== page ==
Initially conceived to connect cellular phones and earpieces, PDAs and printers, Bluetooth technology has matured to the point where it can be used for more demanding applications. Since most commercial solutions’ main purpose is allowing increased user mobility, ease of connectivity has been a much larger issue than security.
By using built-in security features, however, it is possible to build a secure system. Using 128- or 256-bit encryption together with 79-channel random frequency hopping (changes 1,600 times per second) and the AES III NIST encryption module, it is possible to make a secure protocol. Device authentication under these conditions is typically set with “link keys” invisible to the network.
Bluetooth’s limitations are the low power of the transmitter (100mW) and the limited number of devices that can be connected to a single access point. Both these limitations are being addressed, and with a high-gain external antenna it is now possible to transmit to more than 5km. Battery life is not normally a problem, since in most non-consumer applications the device is powered from a locally available PSU or outlet.
Early adopters of Bluetooth include IMAG Technologies Inc., which has developed a full range of Bluetooth-to-Ethernet products aimed at the access control market. Doug Stevens, vice president of sales at IMAG, said recently, “Everything can be wireless. The difficult issue is to decide which area of business to go after. ROI on development and potential sales volumes are the deciding factors.”
Mesh is one of the most exciting of the newer wireless opportunities in that it allows for a truly scalable and flexible solution. The basis of mesh technology is that although the individual transmitters are low powered, each device acts like a transmitter as well as a receiver, and the system allows the strongest transmission path to be used at all times. Every wireless point can be an input device, an output device, or a combination of both depending on its configuration.
The devices are ideal for short-range transmission applications. Applications like VAV control for HVAC in accessible ceilings and burglar alarm door monitoring work well, while remote parking lot control does not. Repeaters are not very common, since the mesh devices will always find the strongest signal. Power is typically not a problem either, since the mesh devices are normally powered off the equipment they are connected to.
Mesh networks include three classes of nodes:
- Gateway—a single personal area network coordinator. This acts as the network controller and interface to the rest of the controlled environment.
- Router—full-function device. This can be used to pass packets along to its final destination and may also act as an endpoint.
- Endpoint—reduced-function device. This is designed to be the lowest cost device, does not propagate packets across the network, uses less power and monitors one or more sensors.
One of the leading contenders in the mesh networks arena is Millennial Net, which has successfully transformed some very creative ideas conceived at MIT into a market-related product offering. Tom Cunneen, vice president of sales at Millennial Net, said recently, “The limiting factor with wireless products is the decision of which solution to implement first.”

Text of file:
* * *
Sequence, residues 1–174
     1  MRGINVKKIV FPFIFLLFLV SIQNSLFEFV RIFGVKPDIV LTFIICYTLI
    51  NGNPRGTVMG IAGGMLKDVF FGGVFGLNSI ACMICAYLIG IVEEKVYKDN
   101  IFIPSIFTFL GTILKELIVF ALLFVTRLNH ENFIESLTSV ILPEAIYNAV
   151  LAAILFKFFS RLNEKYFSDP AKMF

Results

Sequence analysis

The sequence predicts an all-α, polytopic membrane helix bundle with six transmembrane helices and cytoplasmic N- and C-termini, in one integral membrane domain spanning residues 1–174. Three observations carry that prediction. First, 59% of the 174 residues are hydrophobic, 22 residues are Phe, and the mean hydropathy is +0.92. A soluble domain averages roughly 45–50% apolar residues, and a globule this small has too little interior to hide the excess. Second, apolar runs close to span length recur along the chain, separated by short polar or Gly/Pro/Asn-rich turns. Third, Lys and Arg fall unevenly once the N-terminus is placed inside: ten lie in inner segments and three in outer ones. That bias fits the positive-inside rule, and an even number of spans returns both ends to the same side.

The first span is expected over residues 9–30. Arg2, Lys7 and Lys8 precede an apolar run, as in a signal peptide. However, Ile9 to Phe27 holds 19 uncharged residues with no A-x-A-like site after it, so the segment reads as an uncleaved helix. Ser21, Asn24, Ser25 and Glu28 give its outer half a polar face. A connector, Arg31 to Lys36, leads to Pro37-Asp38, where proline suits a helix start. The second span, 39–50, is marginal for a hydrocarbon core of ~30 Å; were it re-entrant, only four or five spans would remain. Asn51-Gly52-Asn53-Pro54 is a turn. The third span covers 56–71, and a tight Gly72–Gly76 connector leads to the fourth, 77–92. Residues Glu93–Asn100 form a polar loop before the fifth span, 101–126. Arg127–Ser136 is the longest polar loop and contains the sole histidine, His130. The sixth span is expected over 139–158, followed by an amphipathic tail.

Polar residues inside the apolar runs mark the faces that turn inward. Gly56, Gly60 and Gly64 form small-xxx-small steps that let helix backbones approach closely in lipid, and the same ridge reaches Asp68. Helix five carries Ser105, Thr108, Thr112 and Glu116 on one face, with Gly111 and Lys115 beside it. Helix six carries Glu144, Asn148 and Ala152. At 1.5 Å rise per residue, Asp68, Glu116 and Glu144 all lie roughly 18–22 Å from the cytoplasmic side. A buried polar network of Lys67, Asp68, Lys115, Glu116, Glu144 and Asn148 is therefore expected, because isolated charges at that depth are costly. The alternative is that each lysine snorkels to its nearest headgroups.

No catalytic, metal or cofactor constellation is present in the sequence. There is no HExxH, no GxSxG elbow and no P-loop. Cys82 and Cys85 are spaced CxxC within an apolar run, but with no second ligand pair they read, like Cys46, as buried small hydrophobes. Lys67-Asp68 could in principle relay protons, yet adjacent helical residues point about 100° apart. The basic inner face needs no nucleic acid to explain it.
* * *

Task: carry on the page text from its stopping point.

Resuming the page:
ZigBee, an emerging wireless standard, aims to provide a low-cost, low-power, high-reliability, high-security embedded wireless network based on IEEE 820.15.4, focusing on an area of connectivity not covered by other standard wireless technologies. It aspires to offer low cost (
ZigBee can be applied to such areas as lighting, HVAC, industrial process control, precision agriculture and cargo monitoring as well as security. It also works with a wide array of sensors, including temperature, pressure, contact closure, chemical gas and motion. The secret to ZigBee low power consumption is a low duty cycle and the rapid ability of the radio to “go to sleep” and “wake up” when an event occurs. A 10mW active power and 10µW standby unit with a duty cycle of 0.1% using a 750mAh AAA battery will work for 37,000 hours (four years and three months).
ZigBee adopts 128-bit AED security for all wireless communications. To prevent the loss of communication due to atmospheric conditions, metal barriers or interference from microwave generators, the 820.15.4 protocol uses direct sequence spread spectrum to transmit signals. This methodology greatly improves the signal-to-noise ratio.
ZigBee network nodes—which come in three classes, similar to Mesh nodes—operate in a number of different network configurations. Star is the simplest, mesh offers the best reliability, and cluster tree is best in large-scale networks.
Amongst the many early adopters of this technology are companies like Dust Networks, Helicomm and Senicast Systems.
A new era of wireless connectivity has begun. Our traditional approach to solving a connectivity problem is rapidly becoming outdated and difficult to justify. In many respects the personal computing industry is far more advanced in the wireless endeavor, and building automation is catching up fast. Security manufacturers should take note of what is happening with wireless technology.
Lionel Silverman, PE, is vice president of business development for Facility Robotics Inc., a nationwide systems integrator specializing in building automation and security systems for larger multi-location and prestigious clients. He is a member of IEEE and ASIS.